When you inevitably die, you retain the gold your character finished with, and you can use it to upgrade characters or unlock new ones; it’s somewhat similar to Rogue Legacy in this sense. Upgrading only seems to improve your damage output, not your resources, so you still need to remain evasive or you’ll die pretty quickly. Items in the dungeon can improve your attack, defense, and mana regeneration, generally speaking. Weapons frequently have another effect that triggers on-hit, essences frequently have a similar effect on-kill. These can range from bursts of damage, to more gold, to potion drops.


Meet the Cast

The playable classes are divided into 4 groups of 5 classes: Warriors, Rogues, Mages, and Shamans, where that last one houses everything that didn’t fit neatly into the first 3 categories. Generally warriors have higher defense, rogues move faster, and mages have significantly faster mana regeneration. Most Shamans have one of these also (Paladins have the defense of warriors, Priests have the mana regen of mages, etc.), but a few are slightly different. There are both short-range and long-range classes in most categories, although mages tend toward long-range and warriors tend toward the opposite.

All classes have a “standard” attack on right-click, these vary in effectiveness and range by class. Some examples here are the Peltast (warrior) who throws spears that go through enemies, the Trickster (rogue) who can attack wherever the cursor is without a projectile, and the Invoker (mage), who has a very short-range, very low damage fireball. Right click is usually a secondary attack that costs mana, usually . The Barbarian (warrior) gains a stackable damage aura, the Witch (mage) has a very powerful spray attack, and the Bandit (rogue) has a fan of knives burst.

A few classes have a right-click that isn’t a one-off attack. The most notable case is the Invoker, who becomes a demon with a primary attack that shoots homing fireballs. This form drains mana and you revert to the very weak base form when it runs out. The Brute works similarly, turning into a hammer-throwing berserker, but the brute isn’t quite as helpless when not transformed and has some big disadvantages for transforming. There’s also a Druid (shaman), who only spends mana on switching forms, and doesn’t have a noticeably stronger one. The caster form has a long-ranged magic missile, but moves slowly. The wolf form is very fast (faster than most rogues) and has a high attack speed, but a very short-range. Departing from the transformation theme, there are also oddballs like the Arsonist (mage), who randomly lights fires when right-click is held, or the Necromancer (mage) who summons skeletons.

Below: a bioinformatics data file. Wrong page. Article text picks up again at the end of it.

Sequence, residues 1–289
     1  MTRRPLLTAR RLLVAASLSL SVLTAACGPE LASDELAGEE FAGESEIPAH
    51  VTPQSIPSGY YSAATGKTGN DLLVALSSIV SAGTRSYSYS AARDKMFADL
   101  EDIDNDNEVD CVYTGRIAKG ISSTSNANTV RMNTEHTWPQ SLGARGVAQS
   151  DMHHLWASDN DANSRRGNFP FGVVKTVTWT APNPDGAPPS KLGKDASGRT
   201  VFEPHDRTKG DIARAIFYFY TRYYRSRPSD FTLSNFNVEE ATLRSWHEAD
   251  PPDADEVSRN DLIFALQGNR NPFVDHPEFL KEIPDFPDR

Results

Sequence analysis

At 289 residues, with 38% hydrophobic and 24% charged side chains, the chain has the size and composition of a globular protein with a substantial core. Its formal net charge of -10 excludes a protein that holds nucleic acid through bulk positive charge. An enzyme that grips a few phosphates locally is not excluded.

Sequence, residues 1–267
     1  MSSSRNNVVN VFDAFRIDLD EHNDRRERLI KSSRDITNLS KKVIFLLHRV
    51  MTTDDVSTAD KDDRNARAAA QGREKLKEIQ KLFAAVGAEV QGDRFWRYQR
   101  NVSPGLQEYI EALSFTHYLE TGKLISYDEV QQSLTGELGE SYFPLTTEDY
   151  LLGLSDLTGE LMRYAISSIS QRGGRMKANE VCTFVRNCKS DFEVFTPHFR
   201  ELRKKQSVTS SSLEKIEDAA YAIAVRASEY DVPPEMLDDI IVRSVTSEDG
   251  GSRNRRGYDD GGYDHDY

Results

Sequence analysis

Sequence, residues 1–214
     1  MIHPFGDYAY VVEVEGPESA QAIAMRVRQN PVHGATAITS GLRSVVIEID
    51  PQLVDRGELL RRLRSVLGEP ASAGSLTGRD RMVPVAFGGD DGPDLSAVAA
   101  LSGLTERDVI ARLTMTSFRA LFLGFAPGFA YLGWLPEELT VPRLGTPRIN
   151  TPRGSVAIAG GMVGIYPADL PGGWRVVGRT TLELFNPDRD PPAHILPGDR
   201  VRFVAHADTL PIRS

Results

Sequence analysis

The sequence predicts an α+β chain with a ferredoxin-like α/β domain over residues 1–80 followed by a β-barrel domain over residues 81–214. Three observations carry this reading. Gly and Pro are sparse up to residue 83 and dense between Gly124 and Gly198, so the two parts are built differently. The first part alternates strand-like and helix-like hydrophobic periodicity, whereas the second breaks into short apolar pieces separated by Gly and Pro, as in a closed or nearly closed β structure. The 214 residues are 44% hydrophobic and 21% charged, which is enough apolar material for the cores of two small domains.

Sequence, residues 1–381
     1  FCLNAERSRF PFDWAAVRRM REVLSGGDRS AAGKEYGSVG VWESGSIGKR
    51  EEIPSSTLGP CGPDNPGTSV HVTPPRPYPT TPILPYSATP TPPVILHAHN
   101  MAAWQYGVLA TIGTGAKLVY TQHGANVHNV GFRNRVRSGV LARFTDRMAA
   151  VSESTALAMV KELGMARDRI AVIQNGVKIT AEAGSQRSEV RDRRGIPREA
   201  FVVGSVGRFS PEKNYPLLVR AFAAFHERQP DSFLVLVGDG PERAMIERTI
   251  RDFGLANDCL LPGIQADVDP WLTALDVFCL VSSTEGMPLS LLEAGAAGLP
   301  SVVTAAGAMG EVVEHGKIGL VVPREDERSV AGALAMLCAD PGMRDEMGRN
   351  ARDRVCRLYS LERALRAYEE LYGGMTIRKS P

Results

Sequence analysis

Meet the Opposition

There are a lot of enemies in this game, and depending on enemy type they seem to act slightly differently. A lot of them are fairly basic and will merely walk toward you, like most skeletons, and rats, and bats. Minotaurs are a special case because they also have this behavior, but are much, much faster than most other enemies, so they usually feel like they’re charging you. There are quite a few archer or mage-type enemies that will attempt to shoot at you from afar, most of them will try to avoid you if you approach them. Others will just continue trying to shoot you in the face. Behaviors seem to get more complex as you get further into the dungeon, and I haven’t seen the later floors yet.